Flaga 1972 – 2000
24 April — 01 June 2002
'Simon Starling explores the ways in which objects become identifiable and are subsequently classified or validated. His projects have often tracked the process of transformation from one object or substance to another, for example constructing a small boat from the wood of a disused museum vitrine or casting replica beer cans from the metal of a chair.
Starling compares his position to that of a nineteenth century amateur scientist or inventor as he reintroduces craft and amateur enthusiasm to contemporary manufacturing or classification'. (Rob Tufnell, 'Here + Now', Exhibition Catalogue, September 2001)
Starling seldom creates a new object, preferring either to recreate an existing one or to fabricate a model of a consolidated structure. The quality of the making is always an important issue since it has an old fashioned amateurishness about it that is quite nostalgic in itself although, in this way, he initiates new relationships between the public and its own culture.
It is playfulness, rather than technical perfection, that convinces the artist. This toying with things, a refusal to aim for mastery, promts us to consider a value for these models beyond mere utility.
The handmade nature of Starling's copies of mechanically manufactured commodities, imperfect and 'professionally amateur' make us aware of the gaps between their reality and that of the original. In all his works the artist's complex relationship to modernism forces us, as viewers, to confront some of our own preconceptions about form, function and human intervention.
On the occasion of his first Italian solo show Simon Starling realises a project that can be considered as a journey back to the source, a link back to the starting point. There is always a performative aspect that brings to the realisation of the show at the gallery: the artist is leaving from Torino for a journey, driving an old F.I.A.T. 126, produced in the Italian town in the early 70's. He will drive to Poland, where the small car production was moved from 1975 to 2000, with a few mechanical modifications. Once arrived some of the car original parts are going to be replaced by new pieces from the Polish counterpart. On its return to Torino the 'new' two colour F.I.A.T. 126 will be hung on the wall like a painting or, more appropriately, a flag. The new aerial view of the car, like a wall mounted map, collapses the time and space between two objects created under very different circumstances in geographically remote situations.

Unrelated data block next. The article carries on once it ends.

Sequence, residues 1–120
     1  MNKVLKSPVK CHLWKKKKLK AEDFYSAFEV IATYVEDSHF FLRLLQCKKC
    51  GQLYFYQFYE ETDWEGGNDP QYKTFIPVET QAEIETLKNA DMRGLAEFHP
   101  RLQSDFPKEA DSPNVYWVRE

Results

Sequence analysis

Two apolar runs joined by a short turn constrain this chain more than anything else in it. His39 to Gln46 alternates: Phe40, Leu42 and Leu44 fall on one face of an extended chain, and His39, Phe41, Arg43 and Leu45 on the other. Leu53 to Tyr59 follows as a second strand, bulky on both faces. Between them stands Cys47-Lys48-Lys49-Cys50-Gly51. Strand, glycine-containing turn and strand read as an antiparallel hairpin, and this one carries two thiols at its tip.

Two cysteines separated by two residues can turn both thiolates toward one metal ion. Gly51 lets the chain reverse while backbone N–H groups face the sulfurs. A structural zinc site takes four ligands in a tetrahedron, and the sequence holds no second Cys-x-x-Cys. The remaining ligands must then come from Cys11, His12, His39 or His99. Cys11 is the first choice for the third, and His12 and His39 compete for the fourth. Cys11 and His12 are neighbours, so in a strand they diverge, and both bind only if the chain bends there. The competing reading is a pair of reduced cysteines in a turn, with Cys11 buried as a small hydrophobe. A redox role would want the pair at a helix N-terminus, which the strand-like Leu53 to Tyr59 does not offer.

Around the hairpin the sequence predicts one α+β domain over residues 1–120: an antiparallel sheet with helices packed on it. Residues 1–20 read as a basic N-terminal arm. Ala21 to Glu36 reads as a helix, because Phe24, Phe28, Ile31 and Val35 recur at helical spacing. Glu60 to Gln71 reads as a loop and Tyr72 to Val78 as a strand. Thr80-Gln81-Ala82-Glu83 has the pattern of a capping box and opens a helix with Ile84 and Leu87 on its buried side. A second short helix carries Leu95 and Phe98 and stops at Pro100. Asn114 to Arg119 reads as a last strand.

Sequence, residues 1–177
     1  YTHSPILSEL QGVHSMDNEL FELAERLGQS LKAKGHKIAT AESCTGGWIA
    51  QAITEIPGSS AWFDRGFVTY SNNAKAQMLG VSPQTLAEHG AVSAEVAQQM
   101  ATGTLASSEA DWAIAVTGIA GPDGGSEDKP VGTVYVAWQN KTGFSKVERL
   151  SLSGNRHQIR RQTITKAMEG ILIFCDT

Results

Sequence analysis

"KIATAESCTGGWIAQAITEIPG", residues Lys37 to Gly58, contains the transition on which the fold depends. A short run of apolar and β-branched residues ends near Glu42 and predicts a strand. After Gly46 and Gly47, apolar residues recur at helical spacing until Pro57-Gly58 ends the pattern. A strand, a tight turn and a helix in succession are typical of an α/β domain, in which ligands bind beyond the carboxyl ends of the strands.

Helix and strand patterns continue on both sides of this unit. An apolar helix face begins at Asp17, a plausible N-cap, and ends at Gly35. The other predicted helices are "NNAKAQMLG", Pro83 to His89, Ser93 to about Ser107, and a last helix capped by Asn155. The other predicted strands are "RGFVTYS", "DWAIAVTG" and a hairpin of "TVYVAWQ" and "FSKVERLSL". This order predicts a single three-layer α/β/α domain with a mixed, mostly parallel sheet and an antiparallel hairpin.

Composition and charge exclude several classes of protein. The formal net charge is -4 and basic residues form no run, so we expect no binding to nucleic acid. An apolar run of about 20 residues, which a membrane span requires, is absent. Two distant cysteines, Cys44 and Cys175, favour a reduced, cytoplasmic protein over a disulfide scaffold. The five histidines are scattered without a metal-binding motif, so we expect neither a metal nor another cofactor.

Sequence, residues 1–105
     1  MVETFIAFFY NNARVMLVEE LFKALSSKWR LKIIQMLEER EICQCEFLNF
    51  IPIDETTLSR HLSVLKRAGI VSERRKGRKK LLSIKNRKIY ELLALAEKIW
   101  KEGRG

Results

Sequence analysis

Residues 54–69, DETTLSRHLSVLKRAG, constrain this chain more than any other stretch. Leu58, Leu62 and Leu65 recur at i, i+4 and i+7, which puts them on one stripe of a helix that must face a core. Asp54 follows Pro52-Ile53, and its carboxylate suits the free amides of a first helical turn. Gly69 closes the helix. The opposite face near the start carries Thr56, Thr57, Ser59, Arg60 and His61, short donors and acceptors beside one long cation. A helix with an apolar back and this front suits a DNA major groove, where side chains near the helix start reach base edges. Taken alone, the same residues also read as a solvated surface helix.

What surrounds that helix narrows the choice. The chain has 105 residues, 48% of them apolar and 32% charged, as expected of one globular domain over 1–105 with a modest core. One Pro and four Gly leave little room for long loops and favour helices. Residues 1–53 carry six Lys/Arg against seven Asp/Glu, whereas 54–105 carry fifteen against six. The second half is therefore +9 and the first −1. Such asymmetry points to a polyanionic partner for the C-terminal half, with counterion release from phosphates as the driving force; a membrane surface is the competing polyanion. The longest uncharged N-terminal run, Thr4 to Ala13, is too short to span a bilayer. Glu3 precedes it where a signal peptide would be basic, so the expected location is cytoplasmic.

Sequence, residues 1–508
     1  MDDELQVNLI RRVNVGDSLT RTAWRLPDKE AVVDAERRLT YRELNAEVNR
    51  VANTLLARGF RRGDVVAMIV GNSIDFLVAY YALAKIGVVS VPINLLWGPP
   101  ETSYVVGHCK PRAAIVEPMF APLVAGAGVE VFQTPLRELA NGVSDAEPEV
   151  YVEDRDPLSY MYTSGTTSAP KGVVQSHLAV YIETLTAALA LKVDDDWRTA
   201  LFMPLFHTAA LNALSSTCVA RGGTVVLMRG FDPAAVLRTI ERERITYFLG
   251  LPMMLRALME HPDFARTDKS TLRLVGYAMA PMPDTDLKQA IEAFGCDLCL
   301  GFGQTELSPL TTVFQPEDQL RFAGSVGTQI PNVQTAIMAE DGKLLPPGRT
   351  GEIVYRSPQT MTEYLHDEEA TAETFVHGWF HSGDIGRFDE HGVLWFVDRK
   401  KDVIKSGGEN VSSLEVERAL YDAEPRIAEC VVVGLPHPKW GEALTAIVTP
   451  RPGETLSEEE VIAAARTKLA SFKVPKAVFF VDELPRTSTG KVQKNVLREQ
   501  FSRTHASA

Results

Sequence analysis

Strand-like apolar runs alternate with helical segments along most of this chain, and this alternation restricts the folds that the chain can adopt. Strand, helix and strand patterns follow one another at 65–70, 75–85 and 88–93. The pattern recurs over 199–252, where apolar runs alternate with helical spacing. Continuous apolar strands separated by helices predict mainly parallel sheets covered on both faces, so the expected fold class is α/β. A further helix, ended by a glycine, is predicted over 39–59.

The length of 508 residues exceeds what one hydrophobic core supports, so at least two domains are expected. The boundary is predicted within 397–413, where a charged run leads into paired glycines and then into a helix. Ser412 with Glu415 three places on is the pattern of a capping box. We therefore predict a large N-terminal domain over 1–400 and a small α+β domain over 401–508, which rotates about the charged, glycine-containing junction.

The artist intervenes in history in order to liberate our thinking about what we can build and how we can interpret the relic of the past, setting up a complex web of relationships with which to capture a piece of the spirit of modernism and bring it back to the laboratory for further analysis.
Born in 1967 in Epsom, England, Simon Starling lives and works in Glasgow and Berlin. His work has previously appeared in a number of solo and group show both in Europe and United States. Among them his recent solo shows at Casey Kaplan 10-6, New York, 2002; Frac Languedoc- Roussillon, Montpellier, 2001; Secession, Wien, 2001; Neugerriemschneider, Berlin, 2001; Camden Art Centre, London, 2000; 'Le Jardin Suspendu', The Modern Institute, Glasgow, 1998. The group exhibitions: 'Squatters', Museu Serralves, Museu de Arte Contemporanea, Porto and Witte de With Contemporary Art Centre, Rotterdam, 2001; 'Silk Purse', Arnolfini, Bristol, 2001; 'If I Ruled the World', CCA, Glasgow, 2000, 'What If/Tänk om', Moderna Museet, Stockholm, 2000; 'Manifesta 3', Ljubljana, 2000.